The AMD Lifestyle: Good Nutrition
I’m frequently asked, “What can I do to slow down the progression of AMD?” That’s an easy answer: live the AMD Lifestyle!
OK, there’s not an easy answer, but there IS what I call an AMD Lifestyle. An easy answer would be, “Take these pills and don’t worry.” After all, we have medications for everything from cancer to rashes. We have medications for medication side effects! But unfortunately, we don’t have medications that treat or cure AMD…yet.
What’s a lifestyle?
I looked up the word lifestyle and found a definition: “the habits, attitudes, tastes, moral standards, economic level, etc., that together constitute the mode of living of an individual or group.”1 The first two words are the ones I’ll focus on: habits and attitudes. Let’s talk about what habits are building blocks of the AMD Lifestyle:
- Building Block 1: Good nutrition
- Building Block 2: Moderate exercise
- Building Block 3: Stress reduction
- Building Block 4: Attitude
Building Block 1 - Good nutrition
Since we know that several of the AMD risk factors have to do with overall good health, that’s the place to start. Many people are told by their eye specialist to “eat leafy greens.” What does that mean exactly? Do you know what eye-healthy foods are?
Does diet prevent blindness or slow progression?
We’ve learned more about this thanks to a recent study that analyzed the results of two big eye research studies. Most of the articles about this research use the words ‘prevent blindness.’ I really hate that a lot of articles about AMD use the word ‘blind’ to grab the reader. We know that people with AMD do not go blind! Anyway, back on track.
Diet and macular degeneration
Of course, people who already have AMD want to know, “Does this apply to me, too?” This is from the AAO (American Academy of Ophthalmology):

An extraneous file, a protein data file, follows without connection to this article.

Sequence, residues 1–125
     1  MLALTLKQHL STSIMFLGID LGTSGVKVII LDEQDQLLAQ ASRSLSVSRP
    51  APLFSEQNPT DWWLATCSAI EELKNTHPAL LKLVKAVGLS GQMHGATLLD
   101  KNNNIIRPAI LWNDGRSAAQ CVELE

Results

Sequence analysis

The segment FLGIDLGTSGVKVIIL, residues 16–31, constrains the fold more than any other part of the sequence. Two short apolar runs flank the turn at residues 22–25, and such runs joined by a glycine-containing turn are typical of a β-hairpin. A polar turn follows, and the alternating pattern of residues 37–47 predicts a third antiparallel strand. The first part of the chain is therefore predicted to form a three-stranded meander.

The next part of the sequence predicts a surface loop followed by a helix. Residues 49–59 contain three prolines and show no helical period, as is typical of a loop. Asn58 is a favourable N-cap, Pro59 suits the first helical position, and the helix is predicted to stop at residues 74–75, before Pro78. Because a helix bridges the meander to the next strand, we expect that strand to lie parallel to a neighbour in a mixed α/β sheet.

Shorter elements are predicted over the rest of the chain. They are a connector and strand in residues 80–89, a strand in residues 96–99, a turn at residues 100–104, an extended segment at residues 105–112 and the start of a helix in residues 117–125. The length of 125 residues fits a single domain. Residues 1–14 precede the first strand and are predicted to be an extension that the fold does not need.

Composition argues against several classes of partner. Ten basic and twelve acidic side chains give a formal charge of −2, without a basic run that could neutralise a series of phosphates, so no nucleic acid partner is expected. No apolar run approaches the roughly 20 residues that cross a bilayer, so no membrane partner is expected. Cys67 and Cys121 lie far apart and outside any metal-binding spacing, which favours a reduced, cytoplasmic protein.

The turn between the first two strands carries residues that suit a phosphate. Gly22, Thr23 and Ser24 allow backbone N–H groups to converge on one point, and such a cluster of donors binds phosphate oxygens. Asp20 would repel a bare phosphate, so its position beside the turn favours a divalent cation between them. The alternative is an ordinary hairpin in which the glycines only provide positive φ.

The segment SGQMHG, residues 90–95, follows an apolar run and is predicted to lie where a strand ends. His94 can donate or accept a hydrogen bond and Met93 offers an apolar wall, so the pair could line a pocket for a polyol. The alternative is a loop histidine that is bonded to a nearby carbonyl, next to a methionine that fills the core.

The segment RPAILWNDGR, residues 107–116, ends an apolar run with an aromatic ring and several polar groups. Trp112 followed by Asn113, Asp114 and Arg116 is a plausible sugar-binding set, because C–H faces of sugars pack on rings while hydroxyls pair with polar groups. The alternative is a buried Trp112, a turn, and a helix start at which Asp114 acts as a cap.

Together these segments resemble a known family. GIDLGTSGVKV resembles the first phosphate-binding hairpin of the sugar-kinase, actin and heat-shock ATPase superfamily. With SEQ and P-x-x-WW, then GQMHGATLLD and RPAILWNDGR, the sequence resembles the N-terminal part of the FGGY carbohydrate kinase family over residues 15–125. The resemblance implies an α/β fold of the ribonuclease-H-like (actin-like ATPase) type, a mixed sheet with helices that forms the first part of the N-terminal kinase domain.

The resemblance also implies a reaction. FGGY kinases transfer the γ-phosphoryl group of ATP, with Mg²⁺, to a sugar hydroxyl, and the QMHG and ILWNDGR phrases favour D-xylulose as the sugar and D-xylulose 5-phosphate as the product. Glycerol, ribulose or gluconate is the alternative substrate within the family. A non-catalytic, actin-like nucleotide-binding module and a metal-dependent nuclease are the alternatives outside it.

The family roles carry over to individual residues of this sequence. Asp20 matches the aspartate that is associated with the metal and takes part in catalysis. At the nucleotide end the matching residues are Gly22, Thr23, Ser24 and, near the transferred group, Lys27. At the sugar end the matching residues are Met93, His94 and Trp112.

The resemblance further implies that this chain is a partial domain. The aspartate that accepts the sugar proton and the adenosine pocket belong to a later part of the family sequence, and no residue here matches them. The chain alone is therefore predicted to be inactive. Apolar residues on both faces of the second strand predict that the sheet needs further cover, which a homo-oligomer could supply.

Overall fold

"SAN FRANCISCO – September 30, 2018 – Evidence is mounting that a poor diet plays an important role in the development of age-related macular degeneration (AMD), a leading cause of blindness in the United States. A large collaboration of researchers from the European Union investigating the connection between genes and lifestyle on the development of AMD has found that people who adhered to a Mediterranean diet cut their risk of late-stage AMD by 41 percent. This research expands on previous studies and suggests that such a diet is beneficial for everyone, whether you already have the disease or are at risk of developing it."2
AREDS and AREDS2
Wow, did you see that a diet provided a 41% reduced risk of late-stage AMD? That’s better than what’s quoted for the AREDS supplement which is that there was a 25% reduced risk of advanced AMD in that study. Those supplements are meant only for those with intermediate AMD or wet AMD in one eye but not the other. Some people in those stages can’t take the AREDS supplement for various reasons (high doses of Vitamin E and zinc).
What’s the Mediterranean diet?
The Mediterranean diet is something that is safe for people with and without AMD! I know of no reason anyone should not eat in the Mediterranean style. Side effects: good overall health for the eyes and the heart!
How do I learn about it?
To learn the basics of the Mediterranean style of eating, I recommend this article or ‘Mediterranean Diet 101: A Meal Plan and Beginner's Guideline.’
Mediterranean diet foods
The AAO lists these foods as especially important for good eye health3:
- Vegetables (especially leafy, green ones like spinach)
- Nuts (like almonds, cashews, pistachios and walnuts)
- Whole grains (such as complete grains of wheat, rice, oats, barley, rye, quinoa)
- Fish (such as fresh or water-packed salmon, tuna, trout, mackerel or herring)
- Olive or canola oil instead of butter
Want some great recipes to get you started?
- The Macular Disease Foundation of Australia will send you their free ‘Mediterranean Menu.’
- There are tons of great cookbooks, websites, and Facebook pages out there!
- A recommended site is ‘Visionary Kitchen: Nutrition for Eye Health and Vision.’ They have a website with cooking videos & recipes, a cookbook, and a Facebook page.
Has an eye doctor ever left you feeling confused?